"Based on this evidence, a rational fact-finder could reasonably conclude that defendant did not have a subjective belief that (his wife) was in such danger that the use of deadly force was necessary to protect her," Justice Donald C. Hudson wrote.
Smith, 36, was sentenced to 50 years in prison and won't be eligible for parole until May 2061.
Beware of moving scams
The suburban housing market is red hot and plenty of people will be on the move this summer. And if moving weren't enough of a hassle on its own, the Better Business Bureau says there are plenty of scammers out there eager to make it a lot worse.
The BBB says it receives an average of 13,000 complaints and negative reviews about movers each year, many of them describing financial and emotional nightmares.
"The good news is there are plenty of high-quality, reputable movers," said Steve Bernas, president and CEO of the BBB of Chicago and Northern Illinois. "The bad news is for consumers not doing their research, they can end up in the hands of bad movers who can price gouge, tack on additional charges to the move, hold items hostage, or be outright scammers."
Common scams include movers demanding payment for extra fees once they have your belongings, selling you on a great deal to start but upping their charges on moving day, and in worst-case scenarios, loading up a truck with your belongings and disappearing.
Tips from the BBB to avoid getting scammed: check out reviews and ratings online, including at bbb.org; before hiring a mover, look up its license status on the Federal Motor Carrier Safety Administration's website; double check that the mover has a real brick-and-mortar address; don't give a deposit or pay cash; look for trucks with company branding and logos; and buy extra insurance.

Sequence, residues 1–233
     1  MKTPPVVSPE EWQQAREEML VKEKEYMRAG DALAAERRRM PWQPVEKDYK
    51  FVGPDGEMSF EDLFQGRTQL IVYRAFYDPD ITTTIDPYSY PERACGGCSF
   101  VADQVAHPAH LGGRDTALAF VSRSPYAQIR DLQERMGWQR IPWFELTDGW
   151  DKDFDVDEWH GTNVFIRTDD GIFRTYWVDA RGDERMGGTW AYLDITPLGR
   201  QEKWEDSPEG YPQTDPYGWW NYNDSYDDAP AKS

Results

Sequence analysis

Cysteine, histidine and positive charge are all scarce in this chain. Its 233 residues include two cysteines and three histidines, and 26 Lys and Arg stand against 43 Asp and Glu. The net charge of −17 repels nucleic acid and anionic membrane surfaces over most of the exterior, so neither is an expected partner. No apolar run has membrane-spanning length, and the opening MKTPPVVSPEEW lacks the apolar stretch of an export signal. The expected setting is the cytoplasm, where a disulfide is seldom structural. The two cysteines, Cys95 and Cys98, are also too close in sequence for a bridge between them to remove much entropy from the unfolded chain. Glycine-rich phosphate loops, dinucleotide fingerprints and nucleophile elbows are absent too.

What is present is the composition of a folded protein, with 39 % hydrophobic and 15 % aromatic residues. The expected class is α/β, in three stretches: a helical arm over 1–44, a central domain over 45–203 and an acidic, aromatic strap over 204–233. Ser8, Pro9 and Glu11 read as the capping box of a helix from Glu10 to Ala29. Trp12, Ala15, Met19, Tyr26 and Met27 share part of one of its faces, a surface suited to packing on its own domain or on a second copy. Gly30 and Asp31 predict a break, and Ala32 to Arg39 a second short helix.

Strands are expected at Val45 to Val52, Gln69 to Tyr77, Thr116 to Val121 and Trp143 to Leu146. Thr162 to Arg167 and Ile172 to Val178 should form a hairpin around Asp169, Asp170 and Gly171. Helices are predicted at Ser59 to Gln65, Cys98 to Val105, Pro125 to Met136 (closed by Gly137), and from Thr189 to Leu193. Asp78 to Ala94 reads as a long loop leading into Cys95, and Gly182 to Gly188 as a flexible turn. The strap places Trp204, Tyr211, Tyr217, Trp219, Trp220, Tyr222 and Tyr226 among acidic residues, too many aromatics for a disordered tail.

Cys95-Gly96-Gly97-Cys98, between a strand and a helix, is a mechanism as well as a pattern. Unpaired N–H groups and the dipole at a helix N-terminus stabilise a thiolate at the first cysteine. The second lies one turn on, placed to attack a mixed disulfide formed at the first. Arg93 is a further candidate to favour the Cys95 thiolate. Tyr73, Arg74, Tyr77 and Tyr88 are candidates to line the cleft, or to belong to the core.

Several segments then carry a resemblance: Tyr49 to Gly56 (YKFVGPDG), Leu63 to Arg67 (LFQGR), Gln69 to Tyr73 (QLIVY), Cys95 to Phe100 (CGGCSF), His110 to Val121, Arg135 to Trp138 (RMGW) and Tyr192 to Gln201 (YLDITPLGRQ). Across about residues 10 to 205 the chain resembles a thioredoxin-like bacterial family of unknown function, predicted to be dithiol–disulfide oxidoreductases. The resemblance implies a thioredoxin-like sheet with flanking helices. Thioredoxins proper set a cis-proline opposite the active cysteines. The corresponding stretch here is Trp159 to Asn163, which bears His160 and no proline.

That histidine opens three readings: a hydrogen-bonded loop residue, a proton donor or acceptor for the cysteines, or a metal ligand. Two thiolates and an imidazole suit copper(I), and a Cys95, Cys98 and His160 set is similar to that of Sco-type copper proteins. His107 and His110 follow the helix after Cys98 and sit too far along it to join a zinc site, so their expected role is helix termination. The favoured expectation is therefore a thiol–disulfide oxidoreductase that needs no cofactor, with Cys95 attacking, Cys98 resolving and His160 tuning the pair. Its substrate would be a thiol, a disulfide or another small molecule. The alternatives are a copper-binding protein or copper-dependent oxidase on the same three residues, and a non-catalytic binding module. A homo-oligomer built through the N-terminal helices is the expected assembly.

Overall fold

Sheriff launches new website
In the fall of 2019, Lake County Sheriff John D. Idleburg launched the Criminal Justice Community Council, a partnership of some 30 organizations that work to study the county's juvenile and adult criminal justice system and formulate policy, plans and programs for change.
The council is a strategy of the MacArthur Foundation's Safety and Justice Challenge, which has awarded the county more than $1.4 million in grants to develop programs that keep people who do not pose a threat to public safety out of jail and help reduce recidivism, while also reducing racial and ethnic disparities.
In an effort to make the community council's work more transparent, Idleburg's office this week launched a new website, Facebook page and Twitter account. The website, www.lakecountycjcc.org, includes information about the council, equity in the criminal justice system, contributing members, meeting agendas and more.
"It is so important for the community to have a platform like this to provide us input and guidance," Idleburg said.
The council's Facebook handle is @LakeILcjcc and it's Twitter account is @LakeIL_cjcc.